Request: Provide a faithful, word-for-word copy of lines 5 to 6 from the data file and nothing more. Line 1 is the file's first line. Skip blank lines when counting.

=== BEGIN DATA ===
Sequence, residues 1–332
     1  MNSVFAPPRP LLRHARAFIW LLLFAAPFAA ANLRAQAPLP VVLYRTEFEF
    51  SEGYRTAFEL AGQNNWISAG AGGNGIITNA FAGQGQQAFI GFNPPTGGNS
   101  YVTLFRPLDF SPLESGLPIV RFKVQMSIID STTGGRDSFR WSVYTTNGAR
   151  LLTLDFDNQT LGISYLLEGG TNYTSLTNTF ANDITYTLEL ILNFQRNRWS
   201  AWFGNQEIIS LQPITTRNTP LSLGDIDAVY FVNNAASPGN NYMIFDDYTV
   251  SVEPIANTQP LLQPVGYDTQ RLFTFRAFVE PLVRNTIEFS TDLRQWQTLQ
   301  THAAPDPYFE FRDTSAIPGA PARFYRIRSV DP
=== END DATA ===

   151  LLTLDFDNQT LGISYLLEGG TNYTSLTNTF ANDITYTLEL ILNFQRNRWS
   201  AWFGNQEIIS LQPITTRNTP LSLGDIDAVY FVNNAASPGN NYMIFDDYTV